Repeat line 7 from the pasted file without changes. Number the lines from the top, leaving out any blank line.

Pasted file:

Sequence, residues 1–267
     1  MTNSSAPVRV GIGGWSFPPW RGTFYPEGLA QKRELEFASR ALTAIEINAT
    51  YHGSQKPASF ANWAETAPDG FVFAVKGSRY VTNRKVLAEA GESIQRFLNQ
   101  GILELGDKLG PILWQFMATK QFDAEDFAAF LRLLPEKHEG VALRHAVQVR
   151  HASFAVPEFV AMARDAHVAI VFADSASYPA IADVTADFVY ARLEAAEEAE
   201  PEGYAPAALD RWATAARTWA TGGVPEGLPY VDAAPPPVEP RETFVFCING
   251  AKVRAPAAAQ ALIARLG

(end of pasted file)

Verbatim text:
   251  AKVRAPAAAQ ALIARLG